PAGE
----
A state ballot question that would greenlight the recreational use of marijuana in New Jersey has prompted $2.1 million in fund-raising, according to reports filed with the New Jersey Election Law Enforcement Commission (ELEC).
With the election looming Tuesday, Jeff Brindle, ELEC’s Executive Director, said supporters have raised
more than 99 percent of the funds. The latest reports reflect campaign finance activity through October 20.
“Assuming all available funds are spent, the marijuana ballot question already ranks eighth among the top ten most expensive public referenda in the Garden State,” Brindle said.
“There is virtually no chance we will see a new record this year given the nearly $27 million price tag of the 2016 referendum on a proposed casino in Northern New Jersey. It is possible this year’s ballot question may make it into the top five when the final expenses are tallied,” said Brindle.
Currently in fifth place is the successful 1985 initiative allowing simulcasting at race tracks. It cost the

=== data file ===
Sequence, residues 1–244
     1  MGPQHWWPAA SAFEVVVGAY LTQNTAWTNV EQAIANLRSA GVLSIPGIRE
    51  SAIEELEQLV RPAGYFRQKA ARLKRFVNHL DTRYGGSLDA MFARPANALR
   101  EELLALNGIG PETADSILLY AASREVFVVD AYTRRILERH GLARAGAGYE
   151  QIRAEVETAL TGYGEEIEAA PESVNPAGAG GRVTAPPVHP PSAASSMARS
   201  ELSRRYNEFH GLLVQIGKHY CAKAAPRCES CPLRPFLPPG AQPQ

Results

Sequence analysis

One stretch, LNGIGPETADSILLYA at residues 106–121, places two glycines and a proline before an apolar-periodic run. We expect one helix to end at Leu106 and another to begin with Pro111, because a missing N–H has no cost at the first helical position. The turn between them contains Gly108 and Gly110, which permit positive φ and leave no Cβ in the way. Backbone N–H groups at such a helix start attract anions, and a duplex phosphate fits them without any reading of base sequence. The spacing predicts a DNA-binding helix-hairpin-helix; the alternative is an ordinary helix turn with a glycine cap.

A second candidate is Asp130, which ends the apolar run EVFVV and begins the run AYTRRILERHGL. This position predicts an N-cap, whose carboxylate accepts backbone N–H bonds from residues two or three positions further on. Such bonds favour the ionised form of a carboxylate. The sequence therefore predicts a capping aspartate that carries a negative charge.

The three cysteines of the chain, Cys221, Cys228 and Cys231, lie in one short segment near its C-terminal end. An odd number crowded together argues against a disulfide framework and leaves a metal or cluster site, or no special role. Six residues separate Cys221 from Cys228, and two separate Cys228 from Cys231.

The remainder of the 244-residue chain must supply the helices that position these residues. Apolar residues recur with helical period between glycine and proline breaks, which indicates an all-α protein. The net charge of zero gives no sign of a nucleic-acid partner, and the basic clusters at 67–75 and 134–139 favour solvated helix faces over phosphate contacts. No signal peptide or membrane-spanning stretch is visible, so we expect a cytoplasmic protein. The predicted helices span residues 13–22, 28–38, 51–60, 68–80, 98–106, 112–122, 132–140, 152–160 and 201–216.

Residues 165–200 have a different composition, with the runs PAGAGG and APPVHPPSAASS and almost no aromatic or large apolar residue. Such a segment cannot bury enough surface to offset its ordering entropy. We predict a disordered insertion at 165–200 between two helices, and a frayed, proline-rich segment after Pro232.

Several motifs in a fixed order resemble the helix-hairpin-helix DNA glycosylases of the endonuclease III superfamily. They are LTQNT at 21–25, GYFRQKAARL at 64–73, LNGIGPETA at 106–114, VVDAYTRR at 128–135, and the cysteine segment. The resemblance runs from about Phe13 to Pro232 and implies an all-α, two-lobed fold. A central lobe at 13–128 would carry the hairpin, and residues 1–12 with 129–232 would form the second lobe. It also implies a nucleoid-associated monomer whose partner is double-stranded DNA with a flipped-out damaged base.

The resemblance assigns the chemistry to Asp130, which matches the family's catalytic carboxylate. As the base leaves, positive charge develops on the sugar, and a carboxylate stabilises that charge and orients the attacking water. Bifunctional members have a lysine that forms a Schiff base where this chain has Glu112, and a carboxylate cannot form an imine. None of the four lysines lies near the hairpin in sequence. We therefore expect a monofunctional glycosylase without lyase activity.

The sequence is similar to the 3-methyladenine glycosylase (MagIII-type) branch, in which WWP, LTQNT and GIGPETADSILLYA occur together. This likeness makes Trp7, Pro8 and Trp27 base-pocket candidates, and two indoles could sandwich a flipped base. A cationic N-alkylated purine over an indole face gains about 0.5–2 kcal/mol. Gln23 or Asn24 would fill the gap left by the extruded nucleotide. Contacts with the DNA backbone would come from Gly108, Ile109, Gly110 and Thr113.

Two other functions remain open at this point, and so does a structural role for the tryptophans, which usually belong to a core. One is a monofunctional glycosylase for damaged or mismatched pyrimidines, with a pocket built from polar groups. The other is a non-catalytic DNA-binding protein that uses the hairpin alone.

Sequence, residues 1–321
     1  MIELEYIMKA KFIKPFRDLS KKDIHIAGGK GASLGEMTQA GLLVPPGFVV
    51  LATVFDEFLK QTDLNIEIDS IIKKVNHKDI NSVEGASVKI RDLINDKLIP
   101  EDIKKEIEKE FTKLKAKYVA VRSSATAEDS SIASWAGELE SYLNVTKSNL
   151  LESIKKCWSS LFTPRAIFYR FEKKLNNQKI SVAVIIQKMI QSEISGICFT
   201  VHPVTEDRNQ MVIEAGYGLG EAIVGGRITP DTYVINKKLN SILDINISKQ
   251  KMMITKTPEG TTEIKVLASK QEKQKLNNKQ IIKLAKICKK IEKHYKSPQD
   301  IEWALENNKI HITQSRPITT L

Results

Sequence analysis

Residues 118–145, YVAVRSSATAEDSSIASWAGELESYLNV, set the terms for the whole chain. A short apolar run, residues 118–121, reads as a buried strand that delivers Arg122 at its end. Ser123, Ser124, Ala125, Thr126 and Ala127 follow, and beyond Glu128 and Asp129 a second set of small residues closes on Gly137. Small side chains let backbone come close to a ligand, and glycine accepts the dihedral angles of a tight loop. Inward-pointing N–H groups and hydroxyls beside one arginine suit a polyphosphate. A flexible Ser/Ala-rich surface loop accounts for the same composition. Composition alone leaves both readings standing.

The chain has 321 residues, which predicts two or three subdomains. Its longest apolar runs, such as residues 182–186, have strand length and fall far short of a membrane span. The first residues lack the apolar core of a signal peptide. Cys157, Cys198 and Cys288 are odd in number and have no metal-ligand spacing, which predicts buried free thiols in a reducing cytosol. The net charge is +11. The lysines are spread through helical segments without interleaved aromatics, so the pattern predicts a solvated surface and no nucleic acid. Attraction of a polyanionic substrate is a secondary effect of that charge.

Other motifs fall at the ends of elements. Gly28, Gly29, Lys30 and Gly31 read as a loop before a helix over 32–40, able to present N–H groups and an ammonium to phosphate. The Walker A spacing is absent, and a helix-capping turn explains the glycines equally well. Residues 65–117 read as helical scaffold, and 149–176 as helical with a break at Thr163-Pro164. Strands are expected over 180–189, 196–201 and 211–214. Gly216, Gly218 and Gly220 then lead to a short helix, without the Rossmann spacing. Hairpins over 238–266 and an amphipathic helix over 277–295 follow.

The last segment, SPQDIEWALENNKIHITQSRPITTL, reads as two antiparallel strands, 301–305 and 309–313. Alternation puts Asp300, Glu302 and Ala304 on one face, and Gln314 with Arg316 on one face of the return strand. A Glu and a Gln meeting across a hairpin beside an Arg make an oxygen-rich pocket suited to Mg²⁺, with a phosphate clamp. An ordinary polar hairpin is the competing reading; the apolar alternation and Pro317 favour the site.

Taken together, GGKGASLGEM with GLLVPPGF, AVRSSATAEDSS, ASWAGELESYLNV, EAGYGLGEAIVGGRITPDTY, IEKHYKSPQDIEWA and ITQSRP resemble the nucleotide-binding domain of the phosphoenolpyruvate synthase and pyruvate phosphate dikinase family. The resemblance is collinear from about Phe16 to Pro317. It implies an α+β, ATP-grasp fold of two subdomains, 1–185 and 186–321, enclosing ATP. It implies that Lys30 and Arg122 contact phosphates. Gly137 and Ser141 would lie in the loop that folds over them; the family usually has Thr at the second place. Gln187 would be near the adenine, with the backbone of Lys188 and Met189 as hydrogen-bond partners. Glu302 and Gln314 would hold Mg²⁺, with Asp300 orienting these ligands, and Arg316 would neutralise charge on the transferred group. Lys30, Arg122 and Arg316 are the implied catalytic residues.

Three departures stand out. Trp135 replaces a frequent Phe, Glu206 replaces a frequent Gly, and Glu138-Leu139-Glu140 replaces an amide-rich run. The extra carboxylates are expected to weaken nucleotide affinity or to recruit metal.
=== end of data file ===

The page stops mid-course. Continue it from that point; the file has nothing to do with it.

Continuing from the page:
equivalent of $2.4 million in 2020 dollars.
Seventeen past state initiatives seeking legalization of marijuana for recreational use have averaged $8.3
million in combined spending, according to the National Institute for Money in Politics. South Dakota, Montana, and Arizona are holding similar referenda this year.
“Keep in mind that marijuana interests already have spent $4.1 million on lobbying between 2017 and
2019. So the industry’s overall political investment in New Jersey already has topped $6 million,” Brindle noted.
While there does not appear to be significant spending on two other ballot initiatives appearing on next
week’s referendum, the League of Women Voters of New Jersey has reported spending $4,966 opposing public question three.
It asks voters to approve a two-year delay in the redrawing of state legislative districts if U.S. Census data
is unavailable by February 15, 2021.
To view reports filed by political committees involved in this year’s referendum election, go to